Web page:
Richard Sherman Shouldn’t be Hated for Wrong Reasons
It takes a special kind of athlete to polarize and pull us as a society in and start talking about them. Some athletes do it with their play on the field. Some more unfortunate ones get a society talking as a result of some off the field nonsense.
After the Seattle Seahawks 23-17 win over the San Francisco 49ers over the weekend, Seahawks cornerback Richard Sherman got us all talking about him — because Sherman was interviewed by Fox’s Erin Andrews and was caught in a moment. The moment that was straight out of an old school WWF interview made football fans — and everyday John and Jane Does — rush to judge an individual that plays with such emotion and passion on the field that is just plain misunderstood.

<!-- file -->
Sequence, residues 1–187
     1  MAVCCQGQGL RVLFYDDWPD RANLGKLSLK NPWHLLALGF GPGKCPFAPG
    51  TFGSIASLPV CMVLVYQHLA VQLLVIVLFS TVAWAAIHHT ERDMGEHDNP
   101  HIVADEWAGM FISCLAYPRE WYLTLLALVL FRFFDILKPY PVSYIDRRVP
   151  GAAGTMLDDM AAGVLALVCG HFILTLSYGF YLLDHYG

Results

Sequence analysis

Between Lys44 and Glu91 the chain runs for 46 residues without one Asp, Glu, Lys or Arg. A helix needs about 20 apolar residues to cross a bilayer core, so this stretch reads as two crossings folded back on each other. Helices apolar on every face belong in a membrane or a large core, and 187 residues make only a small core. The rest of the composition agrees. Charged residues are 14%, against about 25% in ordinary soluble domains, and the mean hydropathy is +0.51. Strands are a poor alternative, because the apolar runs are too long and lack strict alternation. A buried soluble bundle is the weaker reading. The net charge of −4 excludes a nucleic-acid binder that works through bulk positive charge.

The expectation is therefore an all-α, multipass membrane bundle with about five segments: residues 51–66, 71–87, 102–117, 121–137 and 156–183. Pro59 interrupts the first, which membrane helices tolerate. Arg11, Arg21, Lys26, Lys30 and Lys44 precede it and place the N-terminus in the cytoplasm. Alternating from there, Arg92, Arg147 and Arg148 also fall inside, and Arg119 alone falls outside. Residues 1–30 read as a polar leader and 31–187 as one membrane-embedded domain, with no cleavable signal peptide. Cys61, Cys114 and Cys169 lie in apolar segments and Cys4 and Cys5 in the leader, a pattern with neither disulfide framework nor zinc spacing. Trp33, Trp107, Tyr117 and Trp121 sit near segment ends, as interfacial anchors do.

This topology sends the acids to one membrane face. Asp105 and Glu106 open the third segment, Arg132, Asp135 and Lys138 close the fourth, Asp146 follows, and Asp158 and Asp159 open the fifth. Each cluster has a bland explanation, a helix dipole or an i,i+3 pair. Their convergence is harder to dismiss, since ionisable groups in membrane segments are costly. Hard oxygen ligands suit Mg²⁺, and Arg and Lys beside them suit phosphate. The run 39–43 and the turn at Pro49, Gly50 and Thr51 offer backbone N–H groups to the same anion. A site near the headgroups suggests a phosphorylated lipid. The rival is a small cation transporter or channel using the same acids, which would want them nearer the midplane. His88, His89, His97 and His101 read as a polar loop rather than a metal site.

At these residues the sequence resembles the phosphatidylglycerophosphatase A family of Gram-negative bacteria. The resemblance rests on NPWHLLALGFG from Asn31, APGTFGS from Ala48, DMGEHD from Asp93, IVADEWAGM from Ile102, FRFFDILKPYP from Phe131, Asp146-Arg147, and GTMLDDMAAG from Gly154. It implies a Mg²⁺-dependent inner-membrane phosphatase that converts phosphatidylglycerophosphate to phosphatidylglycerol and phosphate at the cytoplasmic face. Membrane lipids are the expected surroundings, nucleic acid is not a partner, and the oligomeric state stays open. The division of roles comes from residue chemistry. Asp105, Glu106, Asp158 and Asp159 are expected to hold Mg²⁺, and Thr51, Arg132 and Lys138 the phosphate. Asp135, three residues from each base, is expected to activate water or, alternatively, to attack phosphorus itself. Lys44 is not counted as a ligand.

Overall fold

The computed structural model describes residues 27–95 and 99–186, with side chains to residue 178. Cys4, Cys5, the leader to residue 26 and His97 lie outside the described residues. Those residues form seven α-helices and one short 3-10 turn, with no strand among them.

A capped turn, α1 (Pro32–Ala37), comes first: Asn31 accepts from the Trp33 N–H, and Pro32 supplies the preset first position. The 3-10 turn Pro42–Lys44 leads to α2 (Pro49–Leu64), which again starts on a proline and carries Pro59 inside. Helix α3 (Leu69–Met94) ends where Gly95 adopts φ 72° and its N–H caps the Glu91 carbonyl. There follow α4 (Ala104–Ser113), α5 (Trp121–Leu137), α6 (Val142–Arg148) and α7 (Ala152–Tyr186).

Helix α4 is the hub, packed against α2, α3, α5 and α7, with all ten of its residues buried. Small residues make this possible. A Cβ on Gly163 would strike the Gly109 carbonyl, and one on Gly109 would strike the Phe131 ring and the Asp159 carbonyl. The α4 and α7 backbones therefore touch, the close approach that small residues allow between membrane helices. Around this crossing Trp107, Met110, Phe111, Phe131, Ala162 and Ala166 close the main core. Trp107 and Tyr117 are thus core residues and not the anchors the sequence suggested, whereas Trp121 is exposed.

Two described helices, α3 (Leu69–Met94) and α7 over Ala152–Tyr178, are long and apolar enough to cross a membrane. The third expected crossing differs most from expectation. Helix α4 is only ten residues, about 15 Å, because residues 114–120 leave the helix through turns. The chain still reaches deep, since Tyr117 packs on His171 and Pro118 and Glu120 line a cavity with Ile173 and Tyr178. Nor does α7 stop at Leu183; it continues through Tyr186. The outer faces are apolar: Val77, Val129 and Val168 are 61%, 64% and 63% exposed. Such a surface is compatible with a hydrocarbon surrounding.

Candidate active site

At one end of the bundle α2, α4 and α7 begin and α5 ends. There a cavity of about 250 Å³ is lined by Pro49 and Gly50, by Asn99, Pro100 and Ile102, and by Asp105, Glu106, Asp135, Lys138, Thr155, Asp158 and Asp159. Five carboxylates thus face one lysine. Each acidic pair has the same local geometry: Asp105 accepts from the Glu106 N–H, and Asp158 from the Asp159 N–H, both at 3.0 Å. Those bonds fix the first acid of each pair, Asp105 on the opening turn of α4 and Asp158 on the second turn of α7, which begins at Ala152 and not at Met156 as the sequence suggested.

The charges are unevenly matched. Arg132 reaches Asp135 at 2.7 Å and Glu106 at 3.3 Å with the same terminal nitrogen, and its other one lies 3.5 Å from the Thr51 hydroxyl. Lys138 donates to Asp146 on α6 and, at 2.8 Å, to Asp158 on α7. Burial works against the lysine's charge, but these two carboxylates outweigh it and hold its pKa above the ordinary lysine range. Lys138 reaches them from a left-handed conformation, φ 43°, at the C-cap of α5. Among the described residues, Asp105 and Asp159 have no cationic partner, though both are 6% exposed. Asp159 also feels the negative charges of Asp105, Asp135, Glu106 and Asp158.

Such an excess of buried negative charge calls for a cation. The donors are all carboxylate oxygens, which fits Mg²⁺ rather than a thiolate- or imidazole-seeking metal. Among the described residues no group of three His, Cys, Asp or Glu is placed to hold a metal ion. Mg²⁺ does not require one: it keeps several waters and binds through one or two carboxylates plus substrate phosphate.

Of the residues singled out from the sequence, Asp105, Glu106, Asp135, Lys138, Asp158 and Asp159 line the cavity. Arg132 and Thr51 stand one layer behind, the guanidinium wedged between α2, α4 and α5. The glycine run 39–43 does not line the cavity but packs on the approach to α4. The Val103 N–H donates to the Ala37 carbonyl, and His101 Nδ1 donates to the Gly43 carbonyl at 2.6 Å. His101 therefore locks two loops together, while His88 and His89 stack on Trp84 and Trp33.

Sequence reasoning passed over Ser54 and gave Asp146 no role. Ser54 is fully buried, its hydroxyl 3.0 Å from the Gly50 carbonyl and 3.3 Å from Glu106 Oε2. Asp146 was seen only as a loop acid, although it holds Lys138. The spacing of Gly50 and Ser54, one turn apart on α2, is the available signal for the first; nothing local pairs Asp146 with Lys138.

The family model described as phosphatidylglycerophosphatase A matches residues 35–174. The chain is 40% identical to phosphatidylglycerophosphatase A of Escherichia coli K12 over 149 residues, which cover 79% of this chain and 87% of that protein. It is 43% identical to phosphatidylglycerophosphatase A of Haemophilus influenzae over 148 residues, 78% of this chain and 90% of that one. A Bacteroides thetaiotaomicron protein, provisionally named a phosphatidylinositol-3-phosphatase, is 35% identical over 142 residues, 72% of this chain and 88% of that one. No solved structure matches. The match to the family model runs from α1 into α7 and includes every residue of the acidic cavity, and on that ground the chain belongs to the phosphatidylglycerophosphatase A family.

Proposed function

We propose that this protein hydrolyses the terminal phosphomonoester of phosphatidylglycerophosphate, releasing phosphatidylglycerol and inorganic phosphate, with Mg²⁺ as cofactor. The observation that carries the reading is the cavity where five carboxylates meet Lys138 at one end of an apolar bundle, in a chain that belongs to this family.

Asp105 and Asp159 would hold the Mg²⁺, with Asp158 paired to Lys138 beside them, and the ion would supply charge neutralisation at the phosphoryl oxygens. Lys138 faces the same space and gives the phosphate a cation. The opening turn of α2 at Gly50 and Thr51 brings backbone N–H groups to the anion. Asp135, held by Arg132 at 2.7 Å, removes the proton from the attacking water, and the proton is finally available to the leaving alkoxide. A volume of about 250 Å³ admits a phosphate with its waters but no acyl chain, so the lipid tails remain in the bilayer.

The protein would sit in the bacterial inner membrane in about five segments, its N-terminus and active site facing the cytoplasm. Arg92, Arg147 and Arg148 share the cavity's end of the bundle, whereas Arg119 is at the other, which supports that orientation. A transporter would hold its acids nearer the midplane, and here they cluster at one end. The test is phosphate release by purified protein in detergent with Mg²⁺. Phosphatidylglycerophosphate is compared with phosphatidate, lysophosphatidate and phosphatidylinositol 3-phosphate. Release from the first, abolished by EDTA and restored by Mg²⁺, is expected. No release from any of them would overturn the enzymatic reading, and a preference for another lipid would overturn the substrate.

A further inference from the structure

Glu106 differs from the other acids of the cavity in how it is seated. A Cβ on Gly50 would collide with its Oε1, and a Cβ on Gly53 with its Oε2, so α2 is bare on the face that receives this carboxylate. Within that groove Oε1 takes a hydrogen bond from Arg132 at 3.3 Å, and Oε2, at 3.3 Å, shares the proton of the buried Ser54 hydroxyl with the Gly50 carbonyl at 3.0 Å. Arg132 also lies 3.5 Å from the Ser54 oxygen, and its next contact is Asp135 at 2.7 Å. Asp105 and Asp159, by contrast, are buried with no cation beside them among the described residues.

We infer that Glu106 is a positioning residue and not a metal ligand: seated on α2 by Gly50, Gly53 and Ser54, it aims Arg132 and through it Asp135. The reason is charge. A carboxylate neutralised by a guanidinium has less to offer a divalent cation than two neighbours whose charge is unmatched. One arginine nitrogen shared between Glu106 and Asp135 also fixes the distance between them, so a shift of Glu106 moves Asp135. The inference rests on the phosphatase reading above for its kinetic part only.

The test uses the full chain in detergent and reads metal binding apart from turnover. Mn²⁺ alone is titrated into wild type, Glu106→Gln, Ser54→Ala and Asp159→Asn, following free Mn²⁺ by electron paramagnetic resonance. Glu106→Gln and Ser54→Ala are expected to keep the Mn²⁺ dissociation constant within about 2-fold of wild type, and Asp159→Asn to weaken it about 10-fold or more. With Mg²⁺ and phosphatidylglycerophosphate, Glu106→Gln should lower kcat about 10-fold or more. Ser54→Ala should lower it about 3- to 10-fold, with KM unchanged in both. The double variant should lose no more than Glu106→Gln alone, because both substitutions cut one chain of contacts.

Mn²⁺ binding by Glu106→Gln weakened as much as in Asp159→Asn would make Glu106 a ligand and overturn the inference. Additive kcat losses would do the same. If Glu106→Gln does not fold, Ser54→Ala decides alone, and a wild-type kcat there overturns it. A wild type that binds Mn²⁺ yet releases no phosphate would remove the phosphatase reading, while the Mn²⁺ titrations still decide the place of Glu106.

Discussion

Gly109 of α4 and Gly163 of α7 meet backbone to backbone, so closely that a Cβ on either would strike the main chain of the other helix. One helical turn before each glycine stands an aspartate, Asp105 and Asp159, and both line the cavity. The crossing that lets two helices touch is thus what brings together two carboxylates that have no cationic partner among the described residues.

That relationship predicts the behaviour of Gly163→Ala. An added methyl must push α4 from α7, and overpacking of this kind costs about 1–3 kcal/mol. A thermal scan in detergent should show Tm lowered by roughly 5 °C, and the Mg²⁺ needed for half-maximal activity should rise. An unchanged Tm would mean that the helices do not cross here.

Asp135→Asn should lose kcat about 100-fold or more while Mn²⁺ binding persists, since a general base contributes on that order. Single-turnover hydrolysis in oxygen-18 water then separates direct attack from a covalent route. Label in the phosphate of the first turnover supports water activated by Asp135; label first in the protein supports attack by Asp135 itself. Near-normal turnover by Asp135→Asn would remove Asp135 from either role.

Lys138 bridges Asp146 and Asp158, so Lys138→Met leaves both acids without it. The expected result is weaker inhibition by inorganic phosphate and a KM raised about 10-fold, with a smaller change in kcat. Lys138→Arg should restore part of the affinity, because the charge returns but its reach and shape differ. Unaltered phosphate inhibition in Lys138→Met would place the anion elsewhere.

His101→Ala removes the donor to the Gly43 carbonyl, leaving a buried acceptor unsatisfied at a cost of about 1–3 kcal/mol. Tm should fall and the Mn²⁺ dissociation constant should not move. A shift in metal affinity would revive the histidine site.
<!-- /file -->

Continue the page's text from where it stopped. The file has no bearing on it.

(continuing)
When all the backlash had cleared, I had to ask people why they disliked Richard Sherman. The results were mixed bag of understandable reasons, but there was one that just made me sick.
“I don’t like Richard Sherman because what he did was classless.”
Classless was the word that got thrown around a lot with regard to Sherman. Maybe it’s true, and maybe it’s not, but let’s not act like football players are like 1800s duelists. They’re gladiators — the majority of which in the Roman era were, in fact, members of the lower class (some even in the lowest of class). For sixty minutes once a week, these guys kill themselves for our entertainment. It takes a special breed of person to play this game, and it takes an incredible amount of passion and emotion.